The Return Hub is the brainchild of Dominie Moss, a partner in global banking and markets and head of diversity at JD Haspel and has been set up in partnership with the recruitment firm.
The service, which launches on October 12 and which Moss claims is the first of its kind in the UK, aims to provide women with a path back into senior and mid-level roles across investment banking, asset management, private equity, market infrastructure and consultancy.
Moss told FN there was a “big gap in the recruitment market” for an executive search firm dedicated to finding roles for women who had taken career breaks. She said: “The traditional recruitment methods used by [headhunters] and executive search firms wouldn’t necessarily identify this talent pool. They’ve dropped off the radar, which of course makes the path back to work for those women particularly difficult.”
The Return Hub will help women by providing them with introductions to relevant contacts and information on the programmes on offer within firms that specifically target returning female professionals. Investment banks including Goldman Sachs, Morgan Stanley, JP Morgan and Credit Suisse have all within the last few years established so-called “returnship” programmes for women.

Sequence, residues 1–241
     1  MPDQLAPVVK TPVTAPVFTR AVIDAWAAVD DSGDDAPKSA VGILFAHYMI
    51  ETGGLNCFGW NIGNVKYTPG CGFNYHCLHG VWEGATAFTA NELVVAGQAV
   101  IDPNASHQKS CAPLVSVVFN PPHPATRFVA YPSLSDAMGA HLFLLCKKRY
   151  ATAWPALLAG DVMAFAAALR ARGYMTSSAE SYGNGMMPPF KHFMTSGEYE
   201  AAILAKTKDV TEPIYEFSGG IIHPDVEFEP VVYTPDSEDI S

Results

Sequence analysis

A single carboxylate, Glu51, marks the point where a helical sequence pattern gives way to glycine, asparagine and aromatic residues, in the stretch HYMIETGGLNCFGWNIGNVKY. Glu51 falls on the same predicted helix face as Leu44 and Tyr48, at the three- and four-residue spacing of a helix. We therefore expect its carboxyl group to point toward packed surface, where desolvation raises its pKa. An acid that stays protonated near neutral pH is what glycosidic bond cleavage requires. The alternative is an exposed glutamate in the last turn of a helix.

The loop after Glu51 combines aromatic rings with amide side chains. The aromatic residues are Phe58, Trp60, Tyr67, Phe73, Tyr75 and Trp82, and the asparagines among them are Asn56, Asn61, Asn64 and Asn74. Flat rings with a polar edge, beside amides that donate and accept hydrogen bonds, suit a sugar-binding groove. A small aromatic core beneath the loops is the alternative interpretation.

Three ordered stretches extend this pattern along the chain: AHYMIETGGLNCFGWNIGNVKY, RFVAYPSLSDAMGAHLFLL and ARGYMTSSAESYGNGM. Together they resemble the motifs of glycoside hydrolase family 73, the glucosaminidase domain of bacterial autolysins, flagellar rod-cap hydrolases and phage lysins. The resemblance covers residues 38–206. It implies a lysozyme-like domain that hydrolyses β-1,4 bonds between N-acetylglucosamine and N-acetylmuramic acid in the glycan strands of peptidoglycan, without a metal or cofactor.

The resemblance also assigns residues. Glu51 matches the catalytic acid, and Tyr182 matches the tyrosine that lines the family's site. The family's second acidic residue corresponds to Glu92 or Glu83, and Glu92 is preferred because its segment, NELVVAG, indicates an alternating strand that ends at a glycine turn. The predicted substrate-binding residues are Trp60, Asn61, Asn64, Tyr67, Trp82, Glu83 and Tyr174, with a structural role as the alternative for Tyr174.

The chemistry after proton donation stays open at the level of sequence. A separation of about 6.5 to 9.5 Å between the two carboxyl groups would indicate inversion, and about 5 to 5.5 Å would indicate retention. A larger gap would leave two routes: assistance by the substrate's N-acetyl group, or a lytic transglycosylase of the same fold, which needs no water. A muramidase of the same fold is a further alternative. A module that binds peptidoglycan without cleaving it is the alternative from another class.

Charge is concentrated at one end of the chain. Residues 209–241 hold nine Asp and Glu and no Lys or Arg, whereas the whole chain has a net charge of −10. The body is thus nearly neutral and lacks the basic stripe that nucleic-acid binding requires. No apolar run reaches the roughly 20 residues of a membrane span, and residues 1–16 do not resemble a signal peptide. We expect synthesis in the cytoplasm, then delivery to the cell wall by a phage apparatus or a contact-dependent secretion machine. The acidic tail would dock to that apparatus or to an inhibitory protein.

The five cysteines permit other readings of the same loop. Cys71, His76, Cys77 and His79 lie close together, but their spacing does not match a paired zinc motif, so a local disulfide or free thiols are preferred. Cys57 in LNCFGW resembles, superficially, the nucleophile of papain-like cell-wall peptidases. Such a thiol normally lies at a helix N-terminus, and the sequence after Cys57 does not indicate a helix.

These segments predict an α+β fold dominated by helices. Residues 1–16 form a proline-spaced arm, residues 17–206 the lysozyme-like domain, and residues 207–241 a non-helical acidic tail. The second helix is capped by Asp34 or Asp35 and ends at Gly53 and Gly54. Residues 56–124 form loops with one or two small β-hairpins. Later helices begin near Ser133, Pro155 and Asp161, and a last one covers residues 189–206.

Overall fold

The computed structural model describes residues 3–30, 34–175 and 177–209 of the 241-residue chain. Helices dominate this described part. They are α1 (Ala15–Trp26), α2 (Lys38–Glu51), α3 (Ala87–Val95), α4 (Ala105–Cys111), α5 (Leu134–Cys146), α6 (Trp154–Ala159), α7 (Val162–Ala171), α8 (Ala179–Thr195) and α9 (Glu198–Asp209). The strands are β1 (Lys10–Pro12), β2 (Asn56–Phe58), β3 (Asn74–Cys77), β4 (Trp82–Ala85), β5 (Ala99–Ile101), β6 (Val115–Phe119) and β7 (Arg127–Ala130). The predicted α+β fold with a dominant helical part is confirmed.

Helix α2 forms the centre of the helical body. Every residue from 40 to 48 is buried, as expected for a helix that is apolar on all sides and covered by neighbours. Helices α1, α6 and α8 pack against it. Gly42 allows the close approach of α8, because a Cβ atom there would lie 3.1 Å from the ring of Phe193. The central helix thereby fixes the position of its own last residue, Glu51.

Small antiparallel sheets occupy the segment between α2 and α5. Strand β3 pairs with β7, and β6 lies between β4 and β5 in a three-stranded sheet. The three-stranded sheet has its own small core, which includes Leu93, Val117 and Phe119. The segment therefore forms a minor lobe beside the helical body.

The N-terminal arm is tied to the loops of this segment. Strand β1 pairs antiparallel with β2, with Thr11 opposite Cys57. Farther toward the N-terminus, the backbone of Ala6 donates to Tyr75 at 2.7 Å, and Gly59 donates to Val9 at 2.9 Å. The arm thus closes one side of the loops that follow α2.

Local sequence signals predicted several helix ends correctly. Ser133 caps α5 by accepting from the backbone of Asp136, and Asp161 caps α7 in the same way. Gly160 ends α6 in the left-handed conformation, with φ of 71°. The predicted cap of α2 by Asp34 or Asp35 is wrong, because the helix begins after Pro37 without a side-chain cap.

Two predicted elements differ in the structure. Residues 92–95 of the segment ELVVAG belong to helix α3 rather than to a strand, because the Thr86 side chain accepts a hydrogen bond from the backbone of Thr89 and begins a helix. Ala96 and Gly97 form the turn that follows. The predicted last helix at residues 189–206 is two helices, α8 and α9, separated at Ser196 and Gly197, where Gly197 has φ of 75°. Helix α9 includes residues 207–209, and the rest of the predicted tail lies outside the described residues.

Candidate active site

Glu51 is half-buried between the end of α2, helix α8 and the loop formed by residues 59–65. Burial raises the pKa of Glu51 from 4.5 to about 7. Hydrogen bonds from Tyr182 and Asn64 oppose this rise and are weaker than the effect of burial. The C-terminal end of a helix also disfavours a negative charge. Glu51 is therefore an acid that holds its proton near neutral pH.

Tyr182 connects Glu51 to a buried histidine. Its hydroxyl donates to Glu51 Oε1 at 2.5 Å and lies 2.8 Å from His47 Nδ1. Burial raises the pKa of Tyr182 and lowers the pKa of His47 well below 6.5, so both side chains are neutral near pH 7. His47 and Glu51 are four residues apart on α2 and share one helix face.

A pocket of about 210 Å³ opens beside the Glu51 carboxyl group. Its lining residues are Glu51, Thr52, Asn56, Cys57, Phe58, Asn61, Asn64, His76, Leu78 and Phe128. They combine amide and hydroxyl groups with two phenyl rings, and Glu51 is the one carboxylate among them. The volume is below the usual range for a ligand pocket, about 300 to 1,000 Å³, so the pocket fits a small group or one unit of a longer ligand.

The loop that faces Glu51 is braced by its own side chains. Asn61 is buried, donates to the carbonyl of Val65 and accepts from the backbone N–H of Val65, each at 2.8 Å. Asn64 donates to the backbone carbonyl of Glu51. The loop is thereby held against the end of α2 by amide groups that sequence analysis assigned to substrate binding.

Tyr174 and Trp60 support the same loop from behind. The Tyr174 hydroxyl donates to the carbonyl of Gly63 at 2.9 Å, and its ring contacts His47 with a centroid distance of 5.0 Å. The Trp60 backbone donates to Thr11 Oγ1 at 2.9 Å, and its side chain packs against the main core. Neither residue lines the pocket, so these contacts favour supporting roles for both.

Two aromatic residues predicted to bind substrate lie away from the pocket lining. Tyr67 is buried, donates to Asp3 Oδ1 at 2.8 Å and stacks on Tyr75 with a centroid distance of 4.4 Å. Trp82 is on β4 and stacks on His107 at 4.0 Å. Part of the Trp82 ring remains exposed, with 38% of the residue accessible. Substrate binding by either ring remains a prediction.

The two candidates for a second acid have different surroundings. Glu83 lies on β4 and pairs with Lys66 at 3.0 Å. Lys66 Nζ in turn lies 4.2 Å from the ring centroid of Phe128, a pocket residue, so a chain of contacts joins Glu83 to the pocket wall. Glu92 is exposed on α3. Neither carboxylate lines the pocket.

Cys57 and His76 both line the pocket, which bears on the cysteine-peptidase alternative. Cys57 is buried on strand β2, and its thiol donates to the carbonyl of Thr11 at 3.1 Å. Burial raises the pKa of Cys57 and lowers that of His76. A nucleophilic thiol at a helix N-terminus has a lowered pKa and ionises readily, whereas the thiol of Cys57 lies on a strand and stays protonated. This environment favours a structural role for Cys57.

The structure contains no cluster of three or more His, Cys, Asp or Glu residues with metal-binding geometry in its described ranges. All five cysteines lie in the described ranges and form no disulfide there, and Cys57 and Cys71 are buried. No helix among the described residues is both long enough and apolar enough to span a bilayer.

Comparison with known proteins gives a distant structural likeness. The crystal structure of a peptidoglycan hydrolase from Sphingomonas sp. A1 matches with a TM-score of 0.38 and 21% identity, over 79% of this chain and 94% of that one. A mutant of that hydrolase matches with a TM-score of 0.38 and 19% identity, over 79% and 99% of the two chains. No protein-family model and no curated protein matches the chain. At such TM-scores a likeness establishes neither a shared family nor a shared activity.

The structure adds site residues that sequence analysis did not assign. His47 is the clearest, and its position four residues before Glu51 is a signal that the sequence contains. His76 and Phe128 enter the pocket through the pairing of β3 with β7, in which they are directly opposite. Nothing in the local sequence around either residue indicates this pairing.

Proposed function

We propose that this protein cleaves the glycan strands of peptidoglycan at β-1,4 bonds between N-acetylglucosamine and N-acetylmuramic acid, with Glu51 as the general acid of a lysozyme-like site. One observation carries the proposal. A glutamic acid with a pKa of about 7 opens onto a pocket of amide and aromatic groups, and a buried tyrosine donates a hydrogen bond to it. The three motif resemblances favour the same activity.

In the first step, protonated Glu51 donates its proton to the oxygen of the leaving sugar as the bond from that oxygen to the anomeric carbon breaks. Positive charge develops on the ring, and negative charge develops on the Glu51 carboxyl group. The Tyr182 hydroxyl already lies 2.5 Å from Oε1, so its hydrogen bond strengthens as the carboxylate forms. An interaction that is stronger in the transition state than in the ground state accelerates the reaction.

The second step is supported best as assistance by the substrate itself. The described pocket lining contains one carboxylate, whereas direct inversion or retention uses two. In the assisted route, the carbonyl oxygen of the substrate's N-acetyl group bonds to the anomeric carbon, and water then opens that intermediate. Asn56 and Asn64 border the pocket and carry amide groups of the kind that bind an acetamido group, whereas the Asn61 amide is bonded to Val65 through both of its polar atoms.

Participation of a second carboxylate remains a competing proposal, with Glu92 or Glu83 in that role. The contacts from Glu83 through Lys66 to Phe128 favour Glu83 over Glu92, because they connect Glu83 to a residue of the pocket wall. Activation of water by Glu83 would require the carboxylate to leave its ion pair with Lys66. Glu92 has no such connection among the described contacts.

Moss said: “[This] is a fantastic talent pool that is highly motivated, highly skilled, highly engaged, willing to work, has maturity, a fresh perspective and [which] represents something really great for employers, and they’re missing out.”
Women and the firms the end up working for will also be offered support during the transition period that follows a return to work.
Brenda Trenowden, the European head of financial institutions at ANZ Banking Group and the global chair at gender diversity lobby group the 30% Club, said: “The importance of helping more women to come back into workforce cannot be underestimated. Returner schemes such as The Return Hub represent a huge talent pool that has historically remained untapped by financial institutions.”
The launch follows the announcement on October 11 that the UK’s Financial Conduct Authority had set “ambitious” five-year gender diversity targets alongside a number of major financial institutions in a bid to put more women in top jobs.
The UK markets watchdog and firms including Virgin Money and Legal & General have committed to having complete gender parity in senior roles over the next 10 years as part of the government’s Women in Finance Charter. Launched by the UK Treasury in March 2016, the Charter has now been signed by 72 companies, including 15 banks and 13 insurers, and 60 have committed to having 30% of women in senior positions by 2021, according to a statement from the Treasury.